How Congress reacts to the recommendations later this year from President Obama’s bipartisan fiscal commission will be important for the credit standing of the United States, according to John Chambers, an official with Standard & Poor’s.
“It is very important for Congress to take the required steps,” Chambers said in a Dow Jones Newswires interview late last month.
The National Commission on Fiscal Responsibility and Reform faces a deadline of Dec. 1 for making its recommendations. Support from at least 14 of the 18 commission members is required for any recommendation, a high hurdle. And many in Washington question whether Congress would approve recommendations that would involve tax increases or significant cuts in popular programs like Medicare.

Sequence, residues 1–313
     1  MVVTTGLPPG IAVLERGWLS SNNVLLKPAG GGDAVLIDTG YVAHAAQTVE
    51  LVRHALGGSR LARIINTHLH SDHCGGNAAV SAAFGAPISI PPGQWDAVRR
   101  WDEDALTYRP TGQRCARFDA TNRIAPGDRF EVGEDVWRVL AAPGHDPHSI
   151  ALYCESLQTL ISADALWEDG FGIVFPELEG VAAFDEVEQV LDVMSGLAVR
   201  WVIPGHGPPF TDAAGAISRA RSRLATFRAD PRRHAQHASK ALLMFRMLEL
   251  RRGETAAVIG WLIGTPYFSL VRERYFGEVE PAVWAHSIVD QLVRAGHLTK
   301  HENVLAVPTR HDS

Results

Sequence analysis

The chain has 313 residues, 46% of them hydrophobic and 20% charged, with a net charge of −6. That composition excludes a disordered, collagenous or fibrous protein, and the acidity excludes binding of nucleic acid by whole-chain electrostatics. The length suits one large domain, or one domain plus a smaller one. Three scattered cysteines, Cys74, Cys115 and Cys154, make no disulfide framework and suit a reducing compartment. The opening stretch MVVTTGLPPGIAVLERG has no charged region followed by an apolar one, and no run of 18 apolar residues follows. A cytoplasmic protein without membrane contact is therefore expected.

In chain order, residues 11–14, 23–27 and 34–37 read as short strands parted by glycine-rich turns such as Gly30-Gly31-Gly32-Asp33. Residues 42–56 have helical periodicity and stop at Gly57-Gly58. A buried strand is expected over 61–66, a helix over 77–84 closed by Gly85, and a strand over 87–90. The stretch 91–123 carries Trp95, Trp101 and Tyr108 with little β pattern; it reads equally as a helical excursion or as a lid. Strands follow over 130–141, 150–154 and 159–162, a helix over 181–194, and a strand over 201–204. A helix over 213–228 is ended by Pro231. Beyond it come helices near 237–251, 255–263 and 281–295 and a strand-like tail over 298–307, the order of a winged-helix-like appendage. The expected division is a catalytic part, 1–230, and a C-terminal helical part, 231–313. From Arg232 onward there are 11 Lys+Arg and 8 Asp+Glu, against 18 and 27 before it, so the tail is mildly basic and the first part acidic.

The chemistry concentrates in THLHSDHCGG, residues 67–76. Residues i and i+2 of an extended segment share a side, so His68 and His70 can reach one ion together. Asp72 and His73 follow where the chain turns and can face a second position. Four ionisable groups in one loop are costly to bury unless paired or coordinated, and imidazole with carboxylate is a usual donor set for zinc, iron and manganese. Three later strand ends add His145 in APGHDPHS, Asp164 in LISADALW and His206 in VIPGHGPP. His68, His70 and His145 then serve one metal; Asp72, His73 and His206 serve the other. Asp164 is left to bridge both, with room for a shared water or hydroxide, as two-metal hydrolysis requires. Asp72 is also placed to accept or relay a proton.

But Chambers’ warning is a reminder that investors in the United States and around the world may have higher expectations for immediate results from the commission process than do many lawmakers. That is something that commission members and lawmakers alike should keep in mind.